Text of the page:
Boston College has a fairly even playcalling mix when it comes to runs and passes. But with the success the Eagles have on the ground, you have to believe the Irish will rely on their safeties for run support. That puts pressure on the Notre Dame corners, but both have played well recently. Raeshon McNeil had two interceptions last week and leads the team with seven passes defended on the season. Terrail Lambert is fifth on the team with 31 tackles.

Notre Dame Pass Offense vs. Boston College Pass Defense

There are some who say that Jimmy Clausen hasn't looked sharp in his past few games. Of course, all he does on an average day is complete 22 of 36 passes for 262.9 yards, with two touchdowns and an interception.

Like Boston College, Notre Dame's starting wideouts are leading the team in receptions. Michael Floyd and Golden Tate are both averaging around five catches per game. Tate has the edge in yards per game at 84.5 to 79.1. But Floyd has the edge in touchdowns, seven to five (not counting Tate's rushing touchdown).

Armando Allen and David Grimes are each averaging just over three catches per game, while Kyle Rudolph and Duval Kamara are both averaging close to two catches per game, and Robert Hughes one catch per game.

Boston College gives up only 168.5 yards per game on the ground, but that number is tainted by games against Georgia Tech's triple option, Rhode Island, and two MAC schools.

Still, the Eagles are averaging almost three sacks and two interceptions per game. Most of the pressure comes from their line, where 90 BJ Raji, 52 Austin Giles, 47 Brad Newman, and 60 Ron Brace have combined for 11 of the team's 21 sacks.

Mark Herzlich and strong safety Paul Anderson are tied for the team lead with three interceptions apiece. Herzlich is listed at strong safety, which tells me he's done a great job covering opponents' tight ends this year.

Special Teams

83 Steve Aponavicius is his third season as BC's placekicker. For a veteran kicker, he's been shaky. Aponavicius is 7-for-12 on the year, including 3-for-7 from 30 yards or more and a long of only 36. He's also had one kick blocked. Brandon Walker, who had a streak of seven straight field goal makes snapped at the end of the Pitt game, is now up to a respectable 8-for-15 on the season for Notre Dame. His long is the 48-yarder he made in the third overtime of last week's game.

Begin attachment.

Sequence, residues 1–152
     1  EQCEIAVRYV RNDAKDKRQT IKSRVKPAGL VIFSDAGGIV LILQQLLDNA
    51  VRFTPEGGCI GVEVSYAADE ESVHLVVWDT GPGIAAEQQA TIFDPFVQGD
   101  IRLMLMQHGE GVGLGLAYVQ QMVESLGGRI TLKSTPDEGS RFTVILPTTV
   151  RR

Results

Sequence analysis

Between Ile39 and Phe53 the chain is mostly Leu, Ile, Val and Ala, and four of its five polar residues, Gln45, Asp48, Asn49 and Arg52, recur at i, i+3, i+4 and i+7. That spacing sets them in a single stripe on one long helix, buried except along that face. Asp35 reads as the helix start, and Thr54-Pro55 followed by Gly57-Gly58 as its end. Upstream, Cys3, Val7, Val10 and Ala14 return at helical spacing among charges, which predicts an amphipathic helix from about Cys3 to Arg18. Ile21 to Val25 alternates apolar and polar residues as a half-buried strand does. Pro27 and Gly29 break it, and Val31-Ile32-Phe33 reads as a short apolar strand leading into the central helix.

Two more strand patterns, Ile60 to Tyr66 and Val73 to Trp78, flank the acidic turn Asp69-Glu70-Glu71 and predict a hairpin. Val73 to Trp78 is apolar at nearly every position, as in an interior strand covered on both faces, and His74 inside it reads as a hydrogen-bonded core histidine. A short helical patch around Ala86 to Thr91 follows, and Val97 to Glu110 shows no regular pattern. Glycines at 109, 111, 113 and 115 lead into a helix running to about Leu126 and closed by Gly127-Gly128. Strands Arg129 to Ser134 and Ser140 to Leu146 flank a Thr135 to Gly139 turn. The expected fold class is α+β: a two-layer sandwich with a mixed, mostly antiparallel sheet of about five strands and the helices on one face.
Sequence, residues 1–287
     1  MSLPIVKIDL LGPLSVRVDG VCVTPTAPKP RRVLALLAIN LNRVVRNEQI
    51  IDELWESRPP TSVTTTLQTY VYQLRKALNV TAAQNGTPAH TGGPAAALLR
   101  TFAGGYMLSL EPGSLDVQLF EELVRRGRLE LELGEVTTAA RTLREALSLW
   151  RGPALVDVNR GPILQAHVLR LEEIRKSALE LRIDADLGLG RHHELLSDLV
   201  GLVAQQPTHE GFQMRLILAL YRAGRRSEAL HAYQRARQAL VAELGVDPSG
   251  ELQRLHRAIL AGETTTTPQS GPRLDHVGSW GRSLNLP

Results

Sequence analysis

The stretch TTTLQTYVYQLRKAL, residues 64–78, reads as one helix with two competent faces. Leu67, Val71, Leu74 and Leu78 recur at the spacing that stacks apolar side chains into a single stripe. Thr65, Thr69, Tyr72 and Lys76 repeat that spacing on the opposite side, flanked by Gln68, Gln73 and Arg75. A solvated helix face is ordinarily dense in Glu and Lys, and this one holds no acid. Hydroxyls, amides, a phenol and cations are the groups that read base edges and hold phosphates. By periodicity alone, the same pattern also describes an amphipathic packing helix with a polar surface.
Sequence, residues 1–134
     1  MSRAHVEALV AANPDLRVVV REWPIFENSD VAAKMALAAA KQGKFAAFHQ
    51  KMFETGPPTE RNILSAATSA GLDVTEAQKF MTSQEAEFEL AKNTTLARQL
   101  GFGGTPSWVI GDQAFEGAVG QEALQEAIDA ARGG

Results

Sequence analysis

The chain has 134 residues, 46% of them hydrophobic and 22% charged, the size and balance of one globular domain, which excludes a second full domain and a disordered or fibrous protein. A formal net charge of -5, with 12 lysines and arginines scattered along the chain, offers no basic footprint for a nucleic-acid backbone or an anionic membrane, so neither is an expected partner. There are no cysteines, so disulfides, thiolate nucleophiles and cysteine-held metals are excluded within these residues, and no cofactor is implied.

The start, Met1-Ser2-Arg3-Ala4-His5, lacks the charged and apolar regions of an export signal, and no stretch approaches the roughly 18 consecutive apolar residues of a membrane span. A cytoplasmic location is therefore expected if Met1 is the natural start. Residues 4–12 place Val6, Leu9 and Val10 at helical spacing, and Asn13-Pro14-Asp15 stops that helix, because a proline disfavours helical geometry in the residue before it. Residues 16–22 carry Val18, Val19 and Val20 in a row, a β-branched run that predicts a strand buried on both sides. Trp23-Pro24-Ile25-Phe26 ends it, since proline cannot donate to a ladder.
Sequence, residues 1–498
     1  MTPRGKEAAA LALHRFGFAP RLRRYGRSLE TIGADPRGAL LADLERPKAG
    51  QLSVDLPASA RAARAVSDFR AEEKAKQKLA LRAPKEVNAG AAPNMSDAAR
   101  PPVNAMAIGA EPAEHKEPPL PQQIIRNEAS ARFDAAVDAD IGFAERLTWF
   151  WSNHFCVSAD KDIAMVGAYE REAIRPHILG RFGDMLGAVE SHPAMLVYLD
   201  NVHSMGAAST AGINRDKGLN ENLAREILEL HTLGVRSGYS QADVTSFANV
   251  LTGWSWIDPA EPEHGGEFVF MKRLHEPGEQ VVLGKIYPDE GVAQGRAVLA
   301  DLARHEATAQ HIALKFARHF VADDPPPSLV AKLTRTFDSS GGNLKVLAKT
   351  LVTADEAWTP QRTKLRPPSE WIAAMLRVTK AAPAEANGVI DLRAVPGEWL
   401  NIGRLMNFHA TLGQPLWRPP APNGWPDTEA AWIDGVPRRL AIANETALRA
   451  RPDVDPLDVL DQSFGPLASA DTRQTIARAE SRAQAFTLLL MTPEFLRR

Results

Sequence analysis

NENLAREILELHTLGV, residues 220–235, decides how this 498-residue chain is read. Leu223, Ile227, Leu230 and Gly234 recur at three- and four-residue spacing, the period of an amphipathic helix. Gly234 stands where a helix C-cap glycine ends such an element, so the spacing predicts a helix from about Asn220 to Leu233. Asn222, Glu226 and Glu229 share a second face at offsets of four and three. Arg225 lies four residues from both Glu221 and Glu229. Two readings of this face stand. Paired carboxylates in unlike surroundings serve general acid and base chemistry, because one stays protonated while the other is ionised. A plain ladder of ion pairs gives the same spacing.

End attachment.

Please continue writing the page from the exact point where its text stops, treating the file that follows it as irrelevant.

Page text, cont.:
Freshman 46 Ryan Quigley is BC's punter, although 14 Billy Flutie has punted a few times too for the Eagles. Flutie is also listed at wide receiver and has attempted a pass this season. That's the type of stuff you can do when your uncle is the face of the program. Back to Quigley, he's averaging 39.8 yards per punt with a long of 56. In fact, he's had three kicks of fifty yards or more in 28 tries. For Notre Dame, Eric Maust is averaging 41.2 yards per punt with a long of 54.

Jeff Smith is averaging 20.4 yards per kick return for Boston College, with a long of 56.Ryan Burkhart is averaging 61.0 yards per kickoff for the Irish. Couple that with a solid 16.6 yard return average given up by Notre Dame, and opponents are getting an average start on the 24.

Armando Allen and Golden Tate are sharing kick return responsibility for Notre Dame. Allen has taken most of the kicks and has a 22.1 yard average and a long of 53. However, he was not on the kick return team last week, presumably to move the focus to Golden Tate. Tate now has a 20.5 yard average with a long of 29. 23 Billy Bennett is BC's kickoff specialist, and he's averaging 62.7 yards per kickoff with three touchbacks in 39 tries. Boston College gives up a below-average 24.4 yards per return on average. That gives opponents an average start of the 32 yard line.

Rich Gunnell is averaging a solid 13.3 yards per punt return for the Eagles. He also has a 65-yard touchdown to his credit. Armando Allen started the season as Notre Dame's punt returner, but Golden Tate took over the job last week. As with kick returns, is probably just a move to give Tate more chances, and not anything negative that Allen did. Allen is averaging 9.4 yards per return with a long of 22, while Tate is averaging 3.2 yards per return with a long of 10.

Notre Dame Players to Watch

Jimmy Clausen, Armando Allen, Michael Floyd, Raeshon McNeil


Notre Dame 27, Boston College 24